Tim Cook can finally heave a sigh of relief. In an unprecedented move, the Indian government just relaxed foreign direct investment rules and permitted 100% FDI in single-brand retail trading in the country, among other sectors. What does this mean? Apple can finally open its iconic Apple Stores in India, something that it has been trying to do for more than a year now.
The decision to to revamp the country’s FDI policy was taken at a high-level meeting chaired by Prime Minister Narendra Modi on Monday, according to a press release from the Prime Minister’s office.
As FactorDaily reported exclusively last month, Apple planned to open official, 10,000-square foot stores at high street locations in Delhi, Bengaluru, and Mumbai by the end of 2017. A team of 40 Apple executives had been working out of a Gurugram office to make this happen. These plans, however, hit a roadblock when India’s Foreign Investment Promotion Board (FIPB) ruled that Apple must comply with local sourcing rules to sell products through its own retail stores.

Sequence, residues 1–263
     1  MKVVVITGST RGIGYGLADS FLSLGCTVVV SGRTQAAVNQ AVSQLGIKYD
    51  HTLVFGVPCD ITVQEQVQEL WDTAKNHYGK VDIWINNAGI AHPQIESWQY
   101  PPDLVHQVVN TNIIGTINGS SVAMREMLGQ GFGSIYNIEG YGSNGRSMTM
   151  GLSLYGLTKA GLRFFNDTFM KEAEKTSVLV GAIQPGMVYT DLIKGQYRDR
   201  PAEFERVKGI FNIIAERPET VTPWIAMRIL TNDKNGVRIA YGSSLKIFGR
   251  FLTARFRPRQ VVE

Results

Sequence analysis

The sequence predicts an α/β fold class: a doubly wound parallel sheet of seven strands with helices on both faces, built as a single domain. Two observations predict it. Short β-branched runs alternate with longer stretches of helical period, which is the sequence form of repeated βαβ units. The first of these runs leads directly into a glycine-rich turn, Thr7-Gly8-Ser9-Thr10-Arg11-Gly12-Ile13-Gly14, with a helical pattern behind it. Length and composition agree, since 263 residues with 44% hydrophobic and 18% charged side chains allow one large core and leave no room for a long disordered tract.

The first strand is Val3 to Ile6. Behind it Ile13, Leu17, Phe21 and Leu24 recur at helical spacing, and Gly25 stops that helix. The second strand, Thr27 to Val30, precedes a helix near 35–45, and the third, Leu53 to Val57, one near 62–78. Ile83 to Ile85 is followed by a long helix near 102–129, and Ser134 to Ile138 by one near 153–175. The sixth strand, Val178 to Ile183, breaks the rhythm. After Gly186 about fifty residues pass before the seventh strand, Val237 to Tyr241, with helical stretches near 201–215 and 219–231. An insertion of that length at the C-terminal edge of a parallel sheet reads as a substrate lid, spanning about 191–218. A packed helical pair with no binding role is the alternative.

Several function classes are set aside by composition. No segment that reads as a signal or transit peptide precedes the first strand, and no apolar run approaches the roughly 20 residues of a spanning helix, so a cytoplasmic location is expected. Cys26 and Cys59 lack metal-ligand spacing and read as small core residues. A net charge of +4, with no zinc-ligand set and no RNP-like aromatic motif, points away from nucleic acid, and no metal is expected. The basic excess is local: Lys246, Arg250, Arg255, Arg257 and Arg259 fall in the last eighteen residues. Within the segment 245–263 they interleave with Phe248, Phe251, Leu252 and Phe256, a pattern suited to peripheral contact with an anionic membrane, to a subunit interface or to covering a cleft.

According to the government’s new policy, local sourcing norms have now been relaxed up to three years, and up to an additional five years for companies such as Apple, whose products are ‘state-of-the-art’ and ‘cutting edge’
Apple stores around the world are famous for letting people walk in and experience most Apple products in person. They also serve as important points of contact for after-sales service and support of Apple products.
In addition to single-brand retail, the government now also permits 100% FDI in civil aviation, airports, pharmaceuticals, animal husbandry, and defence.
Also read: What Tim Cook needs from India to sell more iPhones in the country
Subscribe to FactorDaily
Our daily brief keeps thousands of readers ahead of the curve. More signals, less noise.
To get more stories like this on email, click here and subscribe to our daily brief.